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Addictive behaviours undermine teams and productivity

As many as one in five working people have difficulty with alcohol or drugs.

They are also at risk of developing a dependency, according to official estimates.1

Undermines productivity

“Apart from the obvious risk around heavy equipment and accidents, substance misuse also undermines productivity through the output of inferior goods and services.”

Occupational hazards

For instance, meta-analysis of 61 studies involving more than 333,000 people found that employees who work more than 55 hours a week are more likely to drink at levels which threaten their health.5

High-risk roles

The BMA report identified shift work, travel away from home, remote working and job stress as factors which increase use of alcohol and illicit drugs.6

UK Biobank data from 100,000 adults aged 40 to 69, employed in over 300 different jobs, found that publicans and managers of licensed premises are the heaviest drinkers in both sexes.7

Hidden problem

“People experiencing addiction can be very adept at masking their behaviour. They can hold down demanding jobs and maintain full social lives. They can even hide their difficulties from their partners and close family.

“These high-functioning individuals are often in denial about the extent of their dependency. They may use their ability to perform as a defence if anyone suggests there is a problem.

“Some experts prefer the term ‘currently functioning addict’. Because sooner or later, there will be a breaking point.

“This could be because the addiction has escalated to the point that it is impacting their performance or health. Sometimes it’s because the family, colleagues and friends they have relied on withdraw their support. Or, because they insist that dependency issues are addressed.”

Avoiding a crisis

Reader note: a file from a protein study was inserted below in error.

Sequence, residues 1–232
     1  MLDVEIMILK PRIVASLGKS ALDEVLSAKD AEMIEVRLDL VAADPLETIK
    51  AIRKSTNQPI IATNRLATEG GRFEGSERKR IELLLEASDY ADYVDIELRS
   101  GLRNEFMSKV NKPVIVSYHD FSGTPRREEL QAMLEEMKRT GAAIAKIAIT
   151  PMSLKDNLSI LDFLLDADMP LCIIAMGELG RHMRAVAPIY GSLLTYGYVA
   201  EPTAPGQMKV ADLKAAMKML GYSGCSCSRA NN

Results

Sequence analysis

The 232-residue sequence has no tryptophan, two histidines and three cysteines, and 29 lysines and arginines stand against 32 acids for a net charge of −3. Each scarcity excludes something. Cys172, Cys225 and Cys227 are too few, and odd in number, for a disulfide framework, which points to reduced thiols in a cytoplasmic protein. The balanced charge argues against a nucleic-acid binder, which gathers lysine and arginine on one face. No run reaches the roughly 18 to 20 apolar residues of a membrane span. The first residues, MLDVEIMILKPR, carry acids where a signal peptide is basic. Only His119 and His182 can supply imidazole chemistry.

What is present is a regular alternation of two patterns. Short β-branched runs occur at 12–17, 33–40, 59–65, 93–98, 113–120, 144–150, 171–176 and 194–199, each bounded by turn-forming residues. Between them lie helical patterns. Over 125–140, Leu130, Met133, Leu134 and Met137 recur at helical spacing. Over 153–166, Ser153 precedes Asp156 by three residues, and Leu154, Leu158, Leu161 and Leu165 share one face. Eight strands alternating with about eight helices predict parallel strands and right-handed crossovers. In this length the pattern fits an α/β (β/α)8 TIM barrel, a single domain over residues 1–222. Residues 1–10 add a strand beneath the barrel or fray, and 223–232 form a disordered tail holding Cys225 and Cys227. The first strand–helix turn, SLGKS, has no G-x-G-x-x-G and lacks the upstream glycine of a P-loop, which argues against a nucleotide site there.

Inaction is not an option. Employers have a statutory duty, under the Health and Safety at Work Act, to ensure the health, safety and welfare of employees.

And the Management of Health and Safety at Work Regulations require employers to conduct regular risk assessments. These should include checks on the use of alcohol and drugs, if there is any sign of a problem.

Benefits of early intervention

Resources from the Workplace Health and Wellbeing Academy

1 European Monitoring centre for Drugs and Drug Addicition, March 2022.

2 Institute of Alcohol Studies (PDF, 0.6MB), October 2022.

3 Office for National Statistics, Drug misuse in England and Wales: year ending March 2023.

4 Gov UK, Drugs penalties.

5 The BMJ, Long working hours and alcohol use: systematic review and meta-analysis of published studies and unpublished individual participant data, January 2015, DOI: 10.1136/bmj.g7772

6 British Medical Association (PDF, 0.5MB), Alcohol, drugs and the workplace – The role of medical professionals, July 2016.

7 BMC Public Health, Associations between occupation and heavy alcohol consumption in UK adults aged 40–69 years: a cross-sectional study using the UK Biobank, 2021, DOI:0.1186/s12889-021-10208-x

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